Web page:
χύβρις ἐδέσποσεν ὀκνοῦντά μ᾽ὅμως.
μέμνησο δ᾽ ἐτῶν μηκέτι τῶν πρίν.

πολὺν ὧδε χρόνον χρηστά με ῥέξας
οὐκ ἂν άπείποις μή μ᾽ἔθ᾽ὁδηγεῖν
δι᾽ ἕλος, βῆσσαν διὰ χείμαῤῥον,
καὶ πρῶν ἀν᾽ἄκρον, στυγερὰ νὺξ ἥδ᾽
ἔστ᾽ἂν άπέλθῃ,
λάμψῃ δ᾽ἠώς, ἡδὺ γελώσας
φαίνουσ᾽ὄψεις πάλιν ἀγγελικάς,
ἃς πεφίληκα μὲν ἐκ τοῦ γε πάλαι,
φρούδας δὲ τὸ νῦν πεπόθηκα.

John Henry Newman, translated in Allen William Chatfield, Hymnos Nonnullos Recentiorum Auctorum, Variis Metris (Oxford, 1886), pp. 88-89.

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Charles Wesley in Greek Anapestic Dimeter

Hark! the Herald Angels Sing.

Κλύετ᾽ ἀγγελικοὶ κελαδοῦσι χοροὶ
κοίρανον ὕμνοις νεογέννητον.
γῇ δ᾽ εἰρήνη μαλακος τ᾽ἔλεος.
Θεὸς ἄνθρωποί τ᾽ οἰκοῦσιν ὁμοῦ.
χαίρετε, χαίρετε, σύμπαντ᾽ ἔθνη.
κηρύξαθ᾽ ἅμα στρατῷ ἀγγελικῷ,
‘Χριστὸς γέγονεν πόλει ἐν Δαβίδ.’

Κλύετ᾽ ἀγγελικοὶ κελαδοῦσι χοροὶ
κοίρανον ὕμνοις νεογέννητον.

ἀρχῶν Χριστὸς σέβας οὐρανίων,
εἰς αἰῶνας δ᾽ἐξ αἰώνων.
Κύριος, ἥκει τοῖσδ᾽ ὀψὲ χρόνοις,
παρθένου ἁγνῆς ἄμβροτος υἱός.
βλέψατε κρυφθέντ᾽ ἐν σαρκὶ Θεόν.
Θεότης ἐνέδυ φύσιν ἀνθρώπου.
βροτὸς ὥς, Βροτέαν εἴλετ᾽ Ἰησοῦς
μορφήν,’ Ὁ Θεὸς’᾽ δ᾽’ Ἐστὶ Μεθ᾽ Ἡημῶν.’

Κλύετ᾽ ἀγγελικοὶ κελαδοῦσι χοροὶ
κοίρανον ὕμνοις νεογέννητον.

ὁ Δικαιοσύνης Ἥλιος ἡμῖν,
ἅμα δἘἰρήνης Βασιλεύς, χαίροι.
φῶς καὶ ζωὴν ξυμπᾶσι φέρει,
πτερύγεσσι φανεὶς παυσιπόνοισιν.
δόξαν ἑαυτοῦ προλιπών, γέγονεν
θνητός, θνητοὺς θανάτου λύσων.
Γῆς δ᾽ἵνα παῖδες πάλιν ὀρθῶνται,
θείας φύσεως μετέχοντες.

Κλύετ᾽ ἀγγελικοὶ κελαδοῦσι χοροὶ
κοίρανον ὕμνοις νεογέννητον.

Charles Wesley, translated in Allen William Chatfield, Hymnos Nonnullos Recentiorum Auctorum, Variis Metris (Oxford, 1886), pp. 122-125.

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Altering the Altar

Directives to the clergy,
In the Book of Common Prayer,
Command them to officiate,
But fail to tell them where.

An old and hoary question,
At the Supper of the Lord,
Is what position to adopt
When standing at the Board.

For some prefer to face the East,
Their back turned to the church,
While others at the Northern end
Precariously perch.

This controversial argument
Was carried on with zest,
Until, at last, the liturgists
Decreed to face the West.

So, in our newly-fashioned church,
This problem we’ll escape,
Because the altar we’ve designed
Is circular in shape.

Though West is West, and East is East,
Within our kindly fane,
We think we’ve found a clever way
To reunite the twain.

And, in these times of compromise,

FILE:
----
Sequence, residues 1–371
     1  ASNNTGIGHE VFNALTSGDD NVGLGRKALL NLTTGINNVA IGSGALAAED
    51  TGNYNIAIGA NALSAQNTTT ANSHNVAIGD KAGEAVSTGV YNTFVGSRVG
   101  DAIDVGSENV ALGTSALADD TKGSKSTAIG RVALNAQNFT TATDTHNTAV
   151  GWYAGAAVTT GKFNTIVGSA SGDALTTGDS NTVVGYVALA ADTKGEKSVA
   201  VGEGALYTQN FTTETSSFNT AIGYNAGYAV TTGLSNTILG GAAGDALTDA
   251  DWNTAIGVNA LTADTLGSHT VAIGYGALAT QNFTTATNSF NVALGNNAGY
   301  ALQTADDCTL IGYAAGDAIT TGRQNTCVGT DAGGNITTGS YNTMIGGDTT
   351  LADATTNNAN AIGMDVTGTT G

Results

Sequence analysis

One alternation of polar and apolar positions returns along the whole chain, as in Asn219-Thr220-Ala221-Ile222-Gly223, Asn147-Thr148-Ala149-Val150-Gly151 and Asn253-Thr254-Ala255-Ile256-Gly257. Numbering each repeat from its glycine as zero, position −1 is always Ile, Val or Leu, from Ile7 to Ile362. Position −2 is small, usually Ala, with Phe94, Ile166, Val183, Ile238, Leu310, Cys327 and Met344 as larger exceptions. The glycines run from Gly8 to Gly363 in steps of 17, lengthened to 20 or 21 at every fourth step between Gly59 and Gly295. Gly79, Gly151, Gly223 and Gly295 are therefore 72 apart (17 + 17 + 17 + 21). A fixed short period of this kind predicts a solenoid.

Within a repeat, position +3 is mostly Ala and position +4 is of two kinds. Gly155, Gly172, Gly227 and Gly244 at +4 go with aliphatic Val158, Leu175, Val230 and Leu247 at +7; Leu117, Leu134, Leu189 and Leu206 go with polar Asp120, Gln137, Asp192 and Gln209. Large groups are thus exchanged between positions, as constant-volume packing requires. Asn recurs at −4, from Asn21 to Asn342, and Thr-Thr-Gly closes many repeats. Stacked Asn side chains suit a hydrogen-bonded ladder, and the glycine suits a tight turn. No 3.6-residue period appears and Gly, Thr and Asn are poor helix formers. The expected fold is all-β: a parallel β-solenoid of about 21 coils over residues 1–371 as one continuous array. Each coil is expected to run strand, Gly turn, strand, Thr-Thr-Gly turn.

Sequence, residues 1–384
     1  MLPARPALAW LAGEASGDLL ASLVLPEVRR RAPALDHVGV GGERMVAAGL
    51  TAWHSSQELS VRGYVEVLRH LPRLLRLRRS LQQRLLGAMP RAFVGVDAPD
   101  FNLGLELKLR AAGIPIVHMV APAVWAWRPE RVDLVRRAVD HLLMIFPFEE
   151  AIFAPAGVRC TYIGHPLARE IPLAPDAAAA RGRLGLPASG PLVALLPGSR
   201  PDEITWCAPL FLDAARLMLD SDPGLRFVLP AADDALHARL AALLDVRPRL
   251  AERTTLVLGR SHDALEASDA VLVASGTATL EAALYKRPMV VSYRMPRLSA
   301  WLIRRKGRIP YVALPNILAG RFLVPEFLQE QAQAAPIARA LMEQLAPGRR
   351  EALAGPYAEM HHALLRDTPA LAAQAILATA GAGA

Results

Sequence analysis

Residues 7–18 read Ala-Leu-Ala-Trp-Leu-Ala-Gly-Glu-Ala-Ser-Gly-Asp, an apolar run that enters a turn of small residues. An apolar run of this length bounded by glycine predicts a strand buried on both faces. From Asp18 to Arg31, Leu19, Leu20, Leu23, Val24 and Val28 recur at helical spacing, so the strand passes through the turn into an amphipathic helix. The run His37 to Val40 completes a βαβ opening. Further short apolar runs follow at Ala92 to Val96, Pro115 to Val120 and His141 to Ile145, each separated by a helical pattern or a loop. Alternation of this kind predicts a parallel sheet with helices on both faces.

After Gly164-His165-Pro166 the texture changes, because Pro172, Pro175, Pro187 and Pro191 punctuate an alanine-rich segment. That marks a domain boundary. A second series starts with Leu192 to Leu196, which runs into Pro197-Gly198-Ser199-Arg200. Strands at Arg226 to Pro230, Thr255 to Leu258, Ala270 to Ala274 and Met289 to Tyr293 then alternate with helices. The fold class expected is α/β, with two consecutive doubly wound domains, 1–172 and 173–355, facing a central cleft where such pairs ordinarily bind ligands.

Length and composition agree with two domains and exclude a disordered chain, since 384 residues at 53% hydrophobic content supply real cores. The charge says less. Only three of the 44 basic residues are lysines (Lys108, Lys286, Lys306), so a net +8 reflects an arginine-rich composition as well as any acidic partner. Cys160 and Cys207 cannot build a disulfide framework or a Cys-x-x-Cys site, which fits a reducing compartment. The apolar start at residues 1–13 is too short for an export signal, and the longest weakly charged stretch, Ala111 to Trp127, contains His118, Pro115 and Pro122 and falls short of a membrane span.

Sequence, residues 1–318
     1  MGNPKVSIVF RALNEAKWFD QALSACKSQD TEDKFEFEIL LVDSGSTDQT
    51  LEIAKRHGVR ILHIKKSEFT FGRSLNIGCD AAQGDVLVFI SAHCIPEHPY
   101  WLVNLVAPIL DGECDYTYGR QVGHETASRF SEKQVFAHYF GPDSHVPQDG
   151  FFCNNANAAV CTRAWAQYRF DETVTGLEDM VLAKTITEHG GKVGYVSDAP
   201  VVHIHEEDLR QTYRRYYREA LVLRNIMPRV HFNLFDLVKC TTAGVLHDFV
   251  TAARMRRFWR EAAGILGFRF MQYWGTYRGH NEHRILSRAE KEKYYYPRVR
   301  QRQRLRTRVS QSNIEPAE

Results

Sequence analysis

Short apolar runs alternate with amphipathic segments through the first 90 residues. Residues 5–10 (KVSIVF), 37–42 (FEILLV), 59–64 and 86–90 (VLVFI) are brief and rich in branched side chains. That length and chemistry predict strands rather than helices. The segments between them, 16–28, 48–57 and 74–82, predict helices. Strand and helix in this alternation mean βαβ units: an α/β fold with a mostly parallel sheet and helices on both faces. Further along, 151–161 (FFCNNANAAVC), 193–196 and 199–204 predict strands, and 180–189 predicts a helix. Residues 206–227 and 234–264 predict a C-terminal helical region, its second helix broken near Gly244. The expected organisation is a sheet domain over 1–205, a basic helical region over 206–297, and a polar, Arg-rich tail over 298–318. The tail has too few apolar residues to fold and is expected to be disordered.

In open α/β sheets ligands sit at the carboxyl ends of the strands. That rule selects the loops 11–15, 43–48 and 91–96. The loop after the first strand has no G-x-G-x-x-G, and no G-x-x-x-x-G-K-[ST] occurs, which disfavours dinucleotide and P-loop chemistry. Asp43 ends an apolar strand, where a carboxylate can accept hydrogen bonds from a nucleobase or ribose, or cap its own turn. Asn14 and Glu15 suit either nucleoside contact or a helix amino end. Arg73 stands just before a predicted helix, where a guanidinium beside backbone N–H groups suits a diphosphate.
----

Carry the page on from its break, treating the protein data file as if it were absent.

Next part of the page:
It seems to us the best,
To cater for the Nor-Nor-East,
And even Sou-Sou-West.

From S. J. Forrest, Chapter and Verse (London: Mowbray, 1959), pp. 14-15.

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Christmas with the Demythologizers

From E.L. Mascall, Pi in the High (New York: Morehouse-Gorham, 1959), pp. 49-51.

1

Hark, the herald angels sing:
“Bultmann is the latest thing!”
(Or they would if he had not
Demythologized the lot.)
Joyful, all ye nations rise,
Glad to existentialize!
Peace on earth and mercy mild,
God and Science reconciled.

Lo, the ancient myths disperse.
Hence, three-storied universe!
Let three-decker pulpits stay:
Bultmann has a lot to say,
Since Kerygma still survives
When the myths have lost their lives.
Hark, the herald angels sing:
“Bultmann shot us on the wing!”

Dr. Farrer we detect
Somewhat lacking in respect,
Launching, with his puckish arts,
Tiny well-directed darts;
While Herr Luther’s lumpish sons
Overload their massive guns,
Blowing, when the barrel splits,
Bultmann—and themselves—to bits.

Let us with a gladsome mind
Leave the ancient world behind.
Modern man, rejoice with us!
We have read Copernicus.
While the herald angels sing:
“Bultmann ist ein gutes Ding!”
We respond in simple trust:
“Demythologize or bust!”

2

(Air—Good King Wenceslas)

Dr. Bultmann ventured forth
Boldly from his study,
When the wind was in the north,
and the roads were muddy.
All his thoughts were in a maze;
This was not surprising.
He had spent some weary days
Demythologizing.

“Hither, pupil, strain thy sight
If thou canst, descrying
Yonder folk who shove and fight—
What can they be buying?”
“Sir, ’tis cards with scraps of verse,
Pictured with a fable:
Shepherds and astrologers
Kneeling in a stable.”

“Bring my writings, if you please,
in the last editions.
Du und ich we’ll stifle these
Outworn superstitions.”
Sage and pupil forth they go,
Braving every stigma,
Shedding myths like billy-o,
Clinging to kerygma.

“Sir, my thoughts begin to stray
And my faith grows bleaker.
Since I threw my myths away
My kerygma’s weaker.”
“Think on Heidegger, my lad,
That pellucid Teuton;
Then you won’t feel half so bad
When they talk of Newton.”

Existentially he thought,
as his master hinted.
All the learned works he bought
Which the sage had printed.
Therefore, folk, when science sends
Doubts and fears depressing,
Demythologize your friends—
Then you’ll win their blessing.